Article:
The Central Bank of Curaçao and St. Maarten (CBCS) says economic recovery continues despite raging inflation (see Wednesday paper), which is obviously good news. They expect real gross domestic product (GDP) to increase by respectively 5.5% and 5.8% this year in the two countries of the monetary union.
This will moderate to 2.9% for Curaçao and 3.6% for St. Maarten in 2023, according to the bank’s current forecast. Most of the expansion, respectively 19.0% and 19.9%, occurred in the traditional high season from January thru March.
During the second quarter this trend continued particularly in Curaçao where stayover arrivals even surpassed those of pre-pandemic 2019 and the 2022 growth rate was consequently adjusted upwards by 0.3% from June, while St. Maarten experienced a levelling-off that led to a downward adjustment of 0.4%. The outlook for next year has been moderated for both countries by respectively 0.1% and 0.3%.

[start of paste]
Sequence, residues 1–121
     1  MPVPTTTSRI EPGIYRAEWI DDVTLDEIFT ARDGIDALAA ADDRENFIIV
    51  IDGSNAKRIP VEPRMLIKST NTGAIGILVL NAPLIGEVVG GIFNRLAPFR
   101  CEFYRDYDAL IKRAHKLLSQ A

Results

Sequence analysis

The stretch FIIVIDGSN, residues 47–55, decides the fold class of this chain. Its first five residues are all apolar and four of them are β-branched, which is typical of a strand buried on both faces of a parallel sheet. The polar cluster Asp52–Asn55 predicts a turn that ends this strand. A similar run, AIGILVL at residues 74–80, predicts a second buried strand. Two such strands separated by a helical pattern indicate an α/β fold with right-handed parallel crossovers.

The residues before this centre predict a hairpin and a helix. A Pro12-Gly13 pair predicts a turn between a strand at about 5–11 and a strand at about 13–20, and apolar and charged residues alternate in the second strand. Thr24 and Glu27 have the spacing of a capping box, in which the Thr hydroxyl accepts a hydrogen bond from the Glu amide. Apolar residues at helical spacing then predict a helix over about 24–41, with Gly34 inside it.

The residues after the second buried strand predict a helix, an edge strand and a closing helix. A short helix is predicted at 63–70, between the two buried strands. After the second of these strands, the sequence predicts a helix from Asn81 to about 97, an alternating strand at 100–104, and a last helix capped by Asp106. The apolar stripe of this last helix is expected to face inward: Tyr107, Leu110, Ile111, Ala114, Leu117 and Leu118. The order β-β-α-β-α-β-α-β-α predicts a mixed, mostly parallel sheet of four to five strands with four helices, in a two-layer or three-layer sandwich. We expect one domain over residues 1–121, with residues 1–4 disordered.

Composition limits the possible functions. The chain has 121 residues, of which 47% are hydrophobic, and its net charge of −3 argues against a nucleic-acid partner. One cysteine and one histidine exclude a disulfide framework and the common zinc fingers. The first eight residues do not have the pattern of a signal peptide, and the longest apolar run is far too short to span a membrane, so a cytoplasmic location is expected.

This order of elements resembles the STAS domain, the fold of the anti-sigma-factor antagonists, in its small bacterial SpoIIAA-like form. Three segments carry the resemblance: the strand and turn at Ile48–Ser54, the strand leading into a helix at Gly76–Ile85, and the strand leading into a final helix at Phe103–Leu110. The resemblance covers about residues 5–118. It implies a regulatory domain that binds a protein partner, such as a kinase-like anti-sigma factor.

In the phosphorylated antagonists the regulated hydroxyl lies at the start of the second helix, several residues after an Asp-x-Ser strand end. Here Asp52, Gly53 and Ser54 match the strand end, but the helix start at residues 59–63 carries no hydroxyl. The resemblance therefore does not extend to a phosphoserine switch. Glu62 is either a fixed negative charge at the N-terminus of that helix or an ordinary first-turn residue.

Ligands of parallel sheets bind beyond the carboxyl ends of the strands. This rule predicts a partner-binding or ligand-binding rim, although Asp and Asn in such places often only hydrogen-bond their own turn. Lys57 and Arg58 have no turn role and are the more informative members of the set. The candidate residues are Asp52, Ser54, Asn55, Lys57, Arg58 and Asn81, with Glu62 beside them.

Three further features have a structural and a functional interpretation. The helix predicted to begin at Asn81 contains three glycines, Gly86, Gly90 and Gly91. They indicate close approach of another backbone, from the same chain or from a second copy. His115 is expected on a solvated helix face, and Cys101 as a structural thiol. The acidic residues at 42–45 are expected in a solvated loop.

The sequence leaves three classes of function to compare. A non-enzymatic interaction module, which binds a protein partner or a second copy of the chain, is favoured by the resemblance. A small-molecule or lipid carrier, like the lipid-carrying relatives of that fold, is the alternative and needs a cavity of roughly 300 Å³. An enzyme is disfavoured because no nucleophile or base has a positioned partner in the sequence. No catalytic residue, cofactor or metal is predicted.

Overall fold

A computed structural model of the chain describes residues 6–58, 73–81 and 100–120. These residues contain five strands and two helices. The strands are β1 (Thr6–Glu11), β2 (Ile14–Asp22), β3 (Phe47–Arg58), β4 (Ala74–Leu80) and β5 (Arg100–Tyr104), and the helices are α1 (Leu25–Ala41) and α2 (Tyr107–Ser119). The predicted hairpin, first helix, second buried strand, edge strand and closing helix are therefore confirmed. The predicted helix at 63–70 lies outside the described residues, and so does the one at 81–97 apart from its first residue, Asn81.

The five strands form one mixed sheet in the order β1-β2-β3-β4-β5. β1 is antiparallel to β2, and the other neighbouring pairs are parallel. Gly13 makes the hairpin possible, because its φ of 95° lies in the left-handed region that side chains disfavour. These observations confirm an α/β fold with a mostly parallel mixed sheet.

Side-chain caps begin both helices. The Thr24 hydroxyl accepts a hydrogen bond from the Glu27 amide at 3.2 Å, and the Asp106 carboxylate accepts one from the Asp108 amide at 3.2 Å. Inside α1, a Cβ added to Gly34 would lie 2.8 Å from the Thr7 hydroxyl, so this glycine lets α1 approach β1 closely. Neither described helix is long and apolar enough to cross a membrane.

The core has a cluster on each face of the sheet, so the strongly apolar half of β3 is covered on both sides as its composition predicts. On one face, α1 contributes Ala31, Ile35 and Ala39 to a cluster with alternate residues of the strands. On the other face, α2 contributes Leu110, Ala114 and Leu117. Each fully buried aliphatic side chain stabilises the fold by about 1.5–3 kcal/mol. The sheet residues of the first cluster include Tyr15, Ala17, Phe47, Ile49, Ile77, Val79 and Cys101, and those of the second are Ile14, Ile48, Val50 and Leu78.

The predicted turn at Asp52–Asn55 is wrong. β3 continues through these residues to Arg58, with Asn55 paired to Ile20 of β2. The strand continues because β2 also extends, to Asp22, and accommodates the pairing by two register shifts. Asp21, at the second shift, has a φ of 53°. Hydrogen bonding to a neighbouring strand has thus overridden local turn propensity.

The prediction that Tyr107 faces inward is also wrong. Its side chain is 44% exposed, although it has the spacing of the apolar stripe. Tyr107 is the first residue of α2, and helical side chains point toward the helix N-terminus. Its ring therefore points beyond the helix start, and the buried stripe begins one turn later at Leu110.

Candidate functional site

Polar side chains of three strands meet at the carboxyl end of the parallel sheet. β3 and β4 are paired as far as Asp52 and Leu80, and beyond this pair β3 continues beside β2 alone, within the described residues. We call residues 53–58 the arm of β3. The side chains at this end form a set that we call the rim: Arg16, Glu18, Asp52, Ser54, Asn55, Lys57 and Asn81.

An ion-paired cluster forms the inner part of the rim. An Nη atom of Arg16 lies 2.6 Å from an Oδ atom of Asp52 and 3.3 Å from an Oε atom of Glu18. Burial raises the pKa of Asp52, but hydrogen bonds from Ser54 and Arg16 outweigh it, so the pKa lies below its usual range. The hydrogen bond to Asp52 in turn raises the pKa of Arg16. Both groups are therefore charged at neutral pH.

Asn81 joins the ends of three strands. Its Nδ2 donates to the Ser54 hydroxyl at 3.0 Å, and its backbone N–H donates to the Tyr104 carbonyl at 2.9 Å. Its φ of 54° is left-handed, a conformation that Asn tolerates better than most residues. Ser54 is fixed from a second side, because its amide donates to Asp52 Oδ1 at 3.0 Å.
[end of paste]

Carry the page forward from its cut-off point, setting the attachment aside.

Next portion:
The message for St. Maarten is clear. A concerted effort must take place to attract more visitors even under difficult market conditions due to, among other things, the war in Ukraine and its global impact.
Acting Minister of Tourism, Economic Affairs, Transport and Telecommunication (TEATT) Omar Ottley says he is working on bringing in another cruise line and was assured that airlift from the destination’s main North American hubs will be maintained although some US carriers have scheduled flight reductions. Government and the private sector are also partnering on an Expedia campaign to drive bookings.
However, except for that and restoring promotion contracts targeting the so-called Benelux (Belgium, the Netherlands and Luxemburg), little has been heard about what else is being done to actively stimulate the still vulnerable local tourism economy. Several competing destinations in the region recently announced adding major aviation connections, the opening of new source markets, etc.
It might sound a bit simplistic, but if one talks to people in the dominant hospitality industry many would agree that “The Friendly Island” could stand to make some noise and get noticed.